If your app contains AdMob, Location Sensor, Push Notifications, or Web Viewer components then you are required to have a UTUD.

Please note: you do not need to include a permission string if your app contains a Web Viewer that only accesses a local HTML file.

How can I set a User Tracking Usage Description string in my Thunkable Project?

There are two places where you can set your Tracking Usage Description:

  1. Project Settings
  2. Publishing Wizard

What should I say in my Tracking Usage Description?

If your app does not contain AdMob, Location Sensor, Push Notifications, or a Web Viewer then you should leave the Tracking Usage Description field blank. Do not enter a string explaining that you are not tracking anything. If there is any text in this box Apple will think you are tracking your end users.

The requirements for a UTUD vary depending on what components your project uses.

If your app contains AdMob, Location Sensor, Push Notifications, or a Web Viewer then you will be required to inform your user why the app is requesting permission for user or device tracking.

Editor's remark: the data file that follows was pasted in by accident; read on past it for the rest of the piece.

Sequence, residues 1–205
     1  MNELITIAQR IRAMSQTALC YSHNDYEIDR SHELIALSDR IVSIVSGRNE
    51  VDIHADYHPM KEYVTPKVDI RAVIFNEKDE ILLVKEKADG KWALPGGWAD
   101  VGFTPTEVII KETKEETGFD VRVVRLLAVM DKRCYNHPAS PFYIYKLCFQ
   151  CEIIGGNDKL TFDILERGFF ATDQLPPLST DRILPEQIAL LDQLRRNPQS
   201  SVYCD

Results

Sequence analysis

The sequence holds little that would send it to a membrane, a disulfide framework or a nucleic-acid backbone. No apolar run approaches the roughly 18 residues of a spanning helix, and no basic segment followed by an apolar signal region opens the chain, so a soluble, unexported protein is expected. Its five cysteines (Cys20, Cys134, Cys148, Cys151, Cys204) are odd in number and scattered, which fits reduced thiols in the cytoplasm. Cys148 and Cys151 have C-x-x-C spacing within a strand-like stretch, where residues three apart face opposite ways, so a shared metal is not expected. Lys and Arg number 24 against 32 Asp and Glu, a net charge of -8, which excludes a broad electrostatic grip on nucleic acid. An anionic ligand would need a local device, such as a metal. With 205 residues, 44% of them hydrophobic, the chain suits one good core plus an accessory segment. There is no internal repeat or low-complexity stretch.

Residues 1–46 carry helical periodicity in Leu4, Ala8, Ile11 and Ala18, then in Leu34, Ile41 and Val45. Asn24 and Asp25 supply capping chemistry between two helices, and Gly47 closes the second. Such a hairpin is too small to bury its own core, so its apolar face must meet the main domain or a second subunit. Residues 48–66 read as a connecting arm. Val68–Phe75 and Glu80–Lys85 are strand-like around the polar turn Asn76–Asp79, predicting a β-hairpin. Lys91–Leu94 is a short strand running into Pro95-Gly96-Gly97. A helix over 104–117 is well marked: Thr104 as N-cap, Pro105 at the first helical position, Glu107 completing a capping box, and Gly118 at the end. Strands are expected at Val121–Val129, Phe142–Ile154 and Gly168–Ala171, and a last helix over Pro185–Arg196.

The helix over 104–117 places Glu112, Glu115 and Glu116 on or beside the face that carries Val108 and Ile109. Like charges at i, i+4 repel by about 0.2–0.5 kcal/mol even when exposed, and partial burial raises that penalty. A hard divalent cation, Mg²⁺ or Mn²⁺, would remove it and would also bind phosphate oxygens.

AdMob

AdMob can use your end users’ location to show them relevant ads. Your end users need to consent to their location being used to show them relevant ads.

  • Example: This identifier will be used to deliver personalized ads to you.

Push Notifications

OneSignal has the option of collecting user data. You must include this information in your Tracking Usage Description.

  • Example: In-app activity is tracked to deliver relevant messaging at relevant times for the user

Web Viewer

Most websites collect or utilize some kind of user data. This includes but isn’t limited to: username, password, real name, medical issue, etc. Your end users need to consent to this data being tracked.